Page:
Time and products both cost money. If you can track them accurately, you have everything you need to track your costs more accurately and manage them more efficiently. This is why many management systems integrate accounting software into their options, and why some software that is primarily accounting-focused has added inventory management.

Enterprise resource planning
ERP is the next step in inventory and supply chain management, moving from managing current and short-term stock and orders into the realm of long-term planning. ERP allows companies to track current resources and position themselves for future growth.

What to look for in inventory management software

Given the importance of the right inventory management software for your business, and given the variety of the programs out there, what should you be looking for in your inventory management software? How do you know what will be a good fit?

Here are some of the general characteristics of good inventory management software that you should be looking for:

With the SaaS business model, compatibility is much less of an issue than with traditional programs that needed to meet extensive hardware requirements. Most inventory management systems today are designed to run on nearly any computer, or even on mobile devices in some cases.

It is always worth double-checking the system requirements before you buy, however. And if mobile access or a particular computer system is a deal-breaker for you, you can use that requirement to narrow the list of suitable choices.

Ease of use
Particularly for small businesses, you want your inventory management software to be accessible. You don’t want to waste valuable time mastering a complicated system, nor do you want to be caught out if you need to train up someone new in a hurry.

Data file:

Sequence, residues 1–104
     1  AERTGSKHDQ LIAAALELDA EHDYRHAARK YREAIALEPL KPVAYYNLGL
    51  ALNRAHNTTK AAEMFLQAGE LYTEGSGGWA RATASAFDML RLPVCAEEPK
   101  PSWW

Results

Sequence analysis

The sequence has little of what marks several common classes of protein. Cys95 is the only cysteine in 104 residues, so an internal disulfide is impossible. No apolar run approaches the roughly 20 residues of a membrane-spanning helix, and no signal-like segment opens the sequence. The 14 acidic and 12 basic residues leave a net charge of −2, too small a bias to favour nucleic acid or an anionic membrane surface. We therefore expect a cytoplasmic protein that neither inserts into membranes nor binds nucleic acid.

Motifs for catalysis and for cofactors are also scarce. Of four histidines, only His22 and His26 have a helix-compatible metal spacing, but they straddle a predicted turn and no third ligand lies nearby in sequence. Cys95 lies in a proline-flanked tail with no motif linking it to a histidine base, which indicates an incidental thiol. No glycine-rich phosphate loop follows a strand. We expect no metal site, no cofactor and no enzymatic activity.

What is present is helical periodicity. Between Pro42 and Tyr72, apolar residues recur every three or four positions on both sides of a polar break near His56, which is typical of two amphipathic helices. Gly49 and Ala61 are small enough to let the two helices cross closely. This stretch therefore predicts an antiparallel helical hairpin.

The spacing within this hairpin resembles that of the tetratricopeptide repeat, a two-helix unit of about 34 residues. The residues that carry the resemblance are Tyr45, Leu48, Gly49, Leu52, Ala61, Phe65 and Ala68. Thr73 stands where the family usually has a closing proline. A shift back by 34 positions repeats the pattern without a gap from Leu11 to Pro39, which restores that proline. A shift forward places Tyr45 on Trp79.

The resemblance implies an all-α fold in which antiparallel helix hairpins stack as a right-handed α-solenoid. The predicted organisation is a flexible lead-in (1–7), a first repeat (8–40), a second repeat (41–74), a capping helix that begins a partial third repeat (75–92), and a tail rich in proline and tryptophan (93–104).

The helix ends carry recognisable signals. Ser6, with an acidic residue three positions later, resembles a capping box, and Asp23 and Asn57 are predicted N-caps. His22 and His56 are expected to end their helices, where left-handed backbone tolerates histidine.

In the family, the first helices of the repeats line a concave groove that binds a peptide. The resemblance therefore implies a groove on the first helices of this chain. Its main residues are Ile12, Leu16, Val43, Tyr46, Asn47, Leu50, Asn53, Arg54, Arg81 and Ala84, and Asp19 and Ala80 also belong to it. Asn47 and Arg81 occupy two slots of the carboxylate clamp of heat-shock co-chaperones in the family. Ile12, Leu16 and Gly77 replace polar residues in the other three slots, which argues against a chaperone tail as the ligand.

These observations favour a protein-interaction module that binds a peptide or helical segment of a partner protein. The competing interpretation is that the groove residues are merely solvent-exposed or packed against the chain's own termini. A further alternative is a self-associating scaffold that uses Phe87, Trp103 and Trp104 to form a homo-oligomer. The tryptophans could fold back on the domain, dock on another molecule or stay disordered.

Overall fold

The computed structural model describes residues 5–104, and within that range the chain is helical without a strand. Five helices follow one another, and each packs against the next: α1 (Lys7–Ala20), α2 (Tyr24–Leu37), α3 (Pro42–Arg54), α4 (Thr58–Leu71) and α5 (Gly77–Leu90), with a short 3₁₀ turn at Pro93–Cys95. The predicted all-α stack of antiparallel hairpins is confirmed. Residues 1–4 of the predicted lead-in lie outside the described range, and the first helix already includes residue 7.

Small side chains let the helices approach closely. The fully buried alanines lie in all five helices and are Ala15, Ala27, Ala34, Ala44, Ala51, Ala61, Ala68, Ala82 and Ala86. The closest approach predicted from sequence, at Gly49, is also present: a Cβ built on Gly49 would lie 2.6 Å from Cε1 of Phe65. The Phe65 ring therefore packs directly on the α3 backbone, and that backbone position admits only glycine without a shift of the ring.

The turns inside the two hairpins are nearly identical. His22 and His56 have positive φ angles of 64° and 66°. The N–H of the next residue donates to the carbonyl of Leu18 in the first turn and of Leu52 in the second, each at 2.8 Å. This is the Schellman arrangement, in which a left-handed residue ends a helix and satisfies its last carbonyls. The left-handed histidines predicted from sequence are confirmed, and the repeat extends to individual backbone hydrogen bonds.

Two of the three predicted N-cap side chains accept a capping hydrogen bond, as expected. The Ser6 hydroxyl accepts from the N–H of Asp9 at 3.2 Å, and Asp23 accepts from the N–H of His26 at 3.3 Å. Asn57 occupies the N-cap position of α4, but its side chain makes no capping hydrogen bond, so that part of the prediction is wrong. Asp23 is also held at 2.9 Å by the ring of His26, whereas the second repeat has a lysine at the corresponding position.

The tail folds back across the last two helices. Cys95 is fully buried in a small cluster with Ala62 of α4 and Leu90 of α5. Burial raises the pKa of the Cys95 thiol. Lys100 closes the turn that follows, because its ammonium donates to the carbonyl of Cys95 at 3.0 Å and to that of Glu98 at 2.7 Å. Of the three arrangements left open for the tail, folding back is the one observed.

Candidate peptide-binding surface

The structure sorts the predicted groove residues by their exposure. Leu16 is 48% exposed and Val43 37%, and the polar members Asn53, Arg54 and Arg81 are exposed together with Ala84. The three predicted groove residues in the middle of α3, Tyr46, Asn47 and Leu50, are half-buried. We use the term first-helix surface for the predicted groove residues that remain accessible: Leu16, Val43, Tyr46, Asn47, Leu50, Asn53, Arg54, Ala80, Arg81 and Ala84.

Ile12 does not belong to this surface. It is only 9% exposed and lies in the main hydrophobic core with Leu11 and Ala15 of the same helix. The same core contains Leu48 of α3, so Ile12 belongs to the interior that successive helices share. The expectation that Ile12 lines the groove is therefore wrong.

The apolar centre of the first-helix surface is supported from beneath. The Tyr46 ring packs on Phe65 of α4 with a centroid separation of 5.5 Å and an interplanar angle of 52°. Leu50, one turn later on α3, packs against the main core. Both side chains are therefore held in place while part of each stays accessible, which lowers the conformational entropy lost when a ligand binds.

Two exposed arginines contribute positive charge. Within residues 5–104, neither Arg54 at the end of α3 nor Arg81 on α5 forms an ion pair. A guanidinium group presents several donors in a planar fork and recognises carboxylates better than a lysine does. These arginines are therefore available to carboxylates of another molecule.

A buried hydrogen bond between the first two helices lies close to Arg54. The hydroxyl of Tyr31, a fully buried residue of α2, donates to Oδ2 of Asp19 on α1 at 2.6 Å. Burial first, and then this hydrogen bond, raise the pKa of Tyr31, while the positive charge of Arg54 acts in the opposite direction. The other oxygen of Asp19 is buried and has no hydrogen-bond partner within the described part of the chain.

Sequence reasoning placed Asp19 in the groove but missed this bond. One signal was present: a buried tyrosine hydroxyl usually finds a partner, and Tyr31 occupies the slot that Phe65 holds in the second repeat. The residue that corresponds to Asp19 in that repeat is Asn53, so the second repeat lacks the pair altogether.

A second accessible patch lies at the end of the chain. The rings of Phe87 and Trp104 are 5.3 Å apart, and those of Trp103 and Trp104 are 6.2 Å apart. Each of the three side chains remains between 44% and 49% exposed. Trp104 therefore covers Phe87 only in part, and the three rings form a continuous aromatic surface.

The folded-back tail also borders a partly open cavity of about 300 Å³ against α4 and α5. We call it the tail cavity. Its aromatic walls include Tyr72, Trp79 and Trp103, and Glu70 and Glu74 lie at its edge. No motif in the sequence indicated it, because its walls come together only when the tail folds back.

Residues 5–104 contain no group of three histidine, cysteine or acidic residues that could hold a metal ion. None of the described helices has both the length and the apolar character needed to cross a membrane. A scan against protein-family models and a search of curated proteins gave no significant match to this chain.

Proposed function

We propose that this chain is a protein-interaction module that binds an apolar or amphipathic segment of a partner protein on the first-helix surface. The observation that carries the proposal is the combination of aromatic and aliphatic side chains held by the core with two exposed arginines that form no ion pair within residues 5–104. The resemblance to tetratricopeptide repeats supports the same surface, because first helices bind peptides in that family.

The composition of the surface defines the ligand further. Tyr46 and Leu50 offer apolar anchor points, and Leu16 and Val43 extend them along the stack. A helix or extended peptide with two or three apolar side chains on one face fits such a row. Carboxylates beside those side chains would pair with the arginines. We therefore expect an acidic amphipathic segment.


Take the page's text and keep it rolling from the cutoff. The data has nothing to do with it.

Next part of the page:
Beyond that, ease of use often equals simplicity, and the simpler and more streamlined your inventory management system is, the more likely you will be to get maximum use out of it.

There are inventory management programs for restaurants, for retail shops, and for warehouses, among a host of others. Before jumping on the first one that appears on Google, do you research to find the best industry-specific choices. These systems aren’t necessarily one-size-fits-all. Industry-specific tools will likely have more resources and be easier for you to use.

Room for growth
Choose an inventory management system that will expand with you. It is likely that a good inventory management system will open up new opportunities for growth for your business. If that is the case, then you want the program itself to be easily expandable, with features that can be added as needed.

Part of adding features as you grow your business will come down to pricing; some programs may have different levels, with different features available depending on the price point. Choose a program that fits your current budget, but that gives you room to expand as needed.

Beyond those general points, look for these specific features:

Real-time updating
Select a system that gives you a current glance at your entire inventory status. The more often your system updates, the better-prepared you will be to make decisions about ordering, sales, or special offers.